Jacquie Henry, MLS
Ruben A. Cirillo High School

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June 10, 2010 | Unregistered CommenterDoug Johnson

If we go with the “let 'em in” mentality, then I think we should also advocate on behalf of my uncertified neighbor who is an absolute wiz at the piano! Maybe she could become an elementary school music parapro, overseen by the only certified music teacher in the district? This sounds logical to me. Then we could move through the school encouraging those who are talented (but not certified) in other co-curricular areas to be part of the team. Drawing, painting, clay, jewelry, choir, wood shop, metal shop, foreign languages, computers, home economics, and gym would all be prime areas for paraprofessional inclusion. There are lots of personal trainers that could help the one certified physical education teacher in the district by teaching “helping” the kids move around more. Being that none of these areas measurably impact student achievement on standardized tests (anymore than a library would) then the more the merrier! If it’s ok to replace the information teacher in this information overload era, then it should be acceptable for the other subject areas as well. At this point, equity is all I'm asking for.

June 10, 2010 | Unregistered CommenterMisnomer

This post was thinly disguised spam so I removed it. I would question the integrity of cyberlearning dot org if this is how they promote their materials. Doug

June 10, 2010 | Unregistered CommenterRachel

In Colorado, paraprofessionals have their own division in the state association:

I'm fairly certain that everyone has found that to be beneficial for both paraprofessionals and professionals.

June 10, 2010 | Unregistered CommenterJude

It looks like Colorado has the right idea. A division within the professional organization, with reduced dues and slightly reduced decision-making capability, would seem to be the right idea for paras. They certainly can and should benefit from PD, and seeing a professional organization from the inside out can certainly help them see the big picture of the library's mission. While all of this can help paras, the argument that recognizing them as valuable members of the library's staff somehow weakens the professioanl roles of librarians is bunk. If librarians did more to make themselves indispensable on their campuses, they would not be as easily replaced by paraprofessionals. Learn how to build and manage the campus Website, create strong ties with the PTSA, assist the principal and other administrators at every opportunity, and the library will become the "go to" place for everyone, not just the students who love to read and English classes. Self-advocacy begins with working hard, not with whining.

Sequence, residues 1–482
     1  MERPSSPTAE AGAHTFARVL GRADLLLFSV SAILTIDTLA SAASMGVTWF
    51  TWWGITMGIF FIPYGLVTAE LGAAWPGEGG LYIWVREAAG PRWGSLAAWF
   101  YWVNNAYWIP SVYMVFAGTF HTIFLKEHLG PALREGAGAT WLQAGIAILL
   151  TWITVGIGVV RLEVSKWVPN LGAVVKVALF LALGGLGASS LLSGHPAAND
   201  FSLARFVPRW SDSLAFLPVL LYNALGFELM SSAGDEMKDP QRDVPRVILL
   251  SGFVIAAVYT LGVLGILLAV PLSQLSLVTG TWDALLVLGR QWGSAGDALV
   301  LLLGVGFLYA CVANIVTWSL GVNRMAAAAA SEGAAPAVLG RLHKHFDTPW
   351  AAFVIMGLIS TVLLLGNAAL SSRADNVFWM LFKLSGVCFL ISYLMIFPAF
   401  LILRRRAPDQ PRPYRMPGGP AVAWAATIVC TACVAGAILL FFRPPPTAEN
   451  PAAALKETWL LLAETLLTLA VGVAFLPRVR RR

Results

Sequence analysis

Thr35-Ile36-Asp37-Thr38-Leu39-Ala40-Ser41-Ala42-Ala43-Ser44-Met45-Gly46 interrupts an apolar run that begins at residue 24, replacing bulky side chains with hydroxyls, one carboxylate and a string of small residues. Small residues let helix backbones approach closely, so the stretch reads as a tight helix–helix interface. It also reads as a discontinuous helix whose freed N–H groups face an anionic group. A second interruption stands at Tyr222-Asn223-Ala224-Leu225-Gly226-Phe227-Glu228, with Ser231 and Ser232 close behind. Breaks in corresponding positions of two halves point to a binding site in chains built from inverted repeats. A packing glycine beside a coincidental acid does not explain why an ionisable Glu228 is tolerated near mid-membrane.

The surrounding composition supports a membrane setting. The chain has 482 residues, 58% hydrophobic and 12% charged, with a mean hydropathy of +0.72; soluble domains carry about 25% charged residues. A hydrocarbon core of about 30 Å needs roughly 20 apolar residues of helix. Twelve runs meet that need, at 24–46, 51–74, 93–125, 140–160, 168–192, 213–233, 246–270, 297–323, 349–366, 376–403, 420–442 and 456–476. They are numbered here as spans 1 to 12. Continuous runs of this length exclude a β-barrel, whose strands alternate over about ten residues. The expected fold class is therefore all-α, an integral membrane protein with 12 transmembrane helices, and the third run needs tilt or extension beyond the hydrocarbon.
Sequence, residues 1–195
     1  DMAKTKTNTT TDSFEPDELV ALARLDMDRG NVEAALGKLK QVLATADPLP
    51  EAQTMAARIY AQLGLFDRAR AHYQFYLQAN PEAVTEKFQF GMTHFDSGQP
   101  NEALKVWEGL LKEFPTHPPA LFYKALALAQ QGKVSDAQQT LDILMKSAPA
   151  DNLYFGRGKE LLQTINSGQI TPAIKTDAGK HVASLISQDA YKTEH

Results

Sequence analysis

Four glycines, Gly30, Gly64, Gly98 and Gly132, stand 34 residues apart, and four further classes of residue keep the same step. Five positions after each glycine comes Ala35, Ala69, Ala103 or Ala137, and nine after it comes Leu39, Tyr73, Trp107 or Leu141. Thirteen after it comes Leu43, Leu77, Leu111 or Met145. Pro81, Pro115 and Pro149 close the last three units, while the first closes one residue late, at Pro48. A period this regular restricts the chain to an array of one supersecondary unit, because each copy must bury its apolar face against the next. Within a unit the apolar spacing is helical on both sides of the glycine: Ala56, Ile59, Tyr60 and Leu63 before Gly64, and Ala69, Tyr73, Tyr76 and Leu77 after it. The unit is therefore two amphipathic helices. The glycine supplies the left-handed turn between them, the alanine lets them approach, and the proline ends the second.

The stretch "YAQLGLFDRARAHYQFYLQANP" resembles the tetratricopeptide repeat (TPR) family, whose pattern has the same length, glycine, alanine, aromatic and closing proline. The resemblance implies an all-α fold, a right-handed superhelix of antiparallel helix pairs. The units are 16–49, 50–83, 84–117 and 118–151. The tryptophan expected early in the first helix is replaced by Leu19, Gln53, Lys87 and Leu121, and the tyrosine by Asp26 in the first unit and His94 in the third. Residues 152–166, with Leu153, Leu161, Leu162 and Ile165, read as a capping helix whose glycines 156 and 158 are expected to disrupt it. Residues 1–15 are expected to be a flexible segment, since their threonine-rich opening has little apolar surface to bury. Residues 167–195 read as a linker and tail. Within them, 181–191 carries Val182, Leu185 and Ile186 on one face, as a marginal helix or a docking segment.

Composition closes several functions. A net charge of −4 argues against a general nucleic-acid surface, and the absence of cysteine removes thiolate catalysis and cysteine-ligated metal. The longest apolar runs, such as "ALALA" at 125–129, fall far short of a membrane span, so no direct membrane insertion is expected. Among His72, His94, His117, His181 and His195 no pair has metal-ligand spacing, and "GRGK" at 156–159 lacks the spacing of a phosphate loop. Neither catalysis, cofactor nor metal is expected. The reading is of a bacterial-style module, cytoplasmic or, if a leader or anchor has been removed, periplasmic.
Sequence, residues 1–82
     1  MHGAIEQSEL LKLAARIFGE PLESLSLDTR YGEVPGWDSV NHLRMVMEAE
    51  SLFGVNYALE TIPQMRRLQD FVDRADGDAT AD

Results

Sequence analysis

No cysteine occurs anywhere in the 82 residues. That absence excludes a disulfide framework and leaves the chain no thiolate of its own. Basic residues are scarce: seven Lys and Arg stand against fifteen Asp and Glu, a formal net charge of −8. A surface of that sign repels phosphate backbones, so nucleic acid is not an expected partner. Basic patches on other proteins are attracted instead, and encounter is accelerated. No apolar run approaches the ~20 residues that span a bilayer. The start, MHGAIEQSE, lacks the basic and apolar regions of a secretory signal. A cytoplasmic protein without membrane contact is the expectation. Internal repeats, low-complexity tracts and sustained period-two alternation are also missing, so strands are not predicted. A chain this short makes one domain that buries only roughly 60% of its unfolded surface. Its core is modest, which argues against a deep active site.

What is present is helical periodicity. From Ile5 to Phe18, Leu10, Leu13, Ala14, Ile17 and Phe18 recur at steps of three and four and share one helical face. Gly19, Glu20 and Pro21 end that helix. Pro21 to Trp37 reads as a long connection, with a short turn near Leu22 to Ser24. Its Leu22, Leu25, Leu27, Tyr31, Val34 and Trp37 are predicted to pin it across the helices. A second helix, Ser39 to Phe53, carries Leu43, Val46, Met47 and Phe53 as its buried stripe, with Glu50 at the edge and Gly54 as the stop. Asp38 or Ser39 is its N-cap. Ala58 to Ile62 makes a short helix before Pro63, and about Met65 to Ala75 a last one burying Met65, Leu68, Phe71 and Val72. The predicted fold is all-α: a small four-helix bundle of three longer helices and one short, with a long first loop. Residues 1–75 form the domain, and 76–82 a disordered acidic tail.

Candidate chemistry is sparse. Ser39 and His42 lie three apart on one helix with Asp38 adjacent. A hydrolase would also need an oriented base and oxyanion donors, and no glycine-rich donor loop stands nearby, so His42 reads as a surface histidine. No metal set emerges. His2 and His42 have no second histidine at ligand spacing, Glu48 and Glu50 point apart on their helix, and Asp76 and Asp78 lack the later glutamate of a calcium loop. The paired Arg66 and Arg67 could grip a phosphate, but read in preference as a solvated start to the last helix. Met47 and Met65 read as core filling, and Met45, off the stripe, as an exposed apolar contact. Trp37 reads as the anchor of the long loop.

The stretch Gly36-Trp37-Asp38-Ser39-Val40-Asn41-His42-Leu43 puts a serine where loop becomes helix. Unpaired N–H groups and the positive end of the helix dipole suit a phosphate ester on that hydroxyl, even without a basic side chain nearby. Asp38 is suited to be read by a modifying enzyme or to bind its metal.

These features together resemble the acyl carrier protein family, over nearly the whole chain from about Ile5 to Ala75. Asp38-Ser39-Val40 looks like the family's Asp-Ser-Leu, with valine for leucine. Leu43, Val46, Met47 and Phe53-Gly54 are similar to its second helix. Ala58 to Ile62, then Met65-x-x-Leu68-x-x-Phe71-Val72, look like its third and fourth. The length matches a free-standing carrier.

June 12, 2010 | Unregistered CommenterLen

Hi Val and Mary Kay,

I recognize that many paras do not want the responsibilities of a professional librarian - but sometimes THEY don't have a choice either. I appreciate how much you value your paras. I felt the same way as a library media specialist.


Hi Jude,

I like your model a lot. Seems to both honor and train the paras without recognizing them as professionals as well.

Thanks for sharing this,


Hi Len,

Positive and practical advice. Thanks,


June 14, 2010 | Registered CommenterDoug Johnson

I can not imagine a school being able to function with out the work of paras. They work as closely with students and sometimes even more closely (when they serve the needs of handicap children).

June 16, 2010 | Unregistered CommenterAshley

In New Jersey there have been massive budget cuts and layoffs. Schools are no longer allowed to employ a library aid.

July 8, 2010 | Unregistered CommenterArielle

Hi Arielle,

Many places around the country are in a similar position with both school and public libraries taking a beating. I guess we just keep fighting as best we can.

Thanks for the comment and all the best,


July 9, 2010 | Registered CommenterDoug Johnson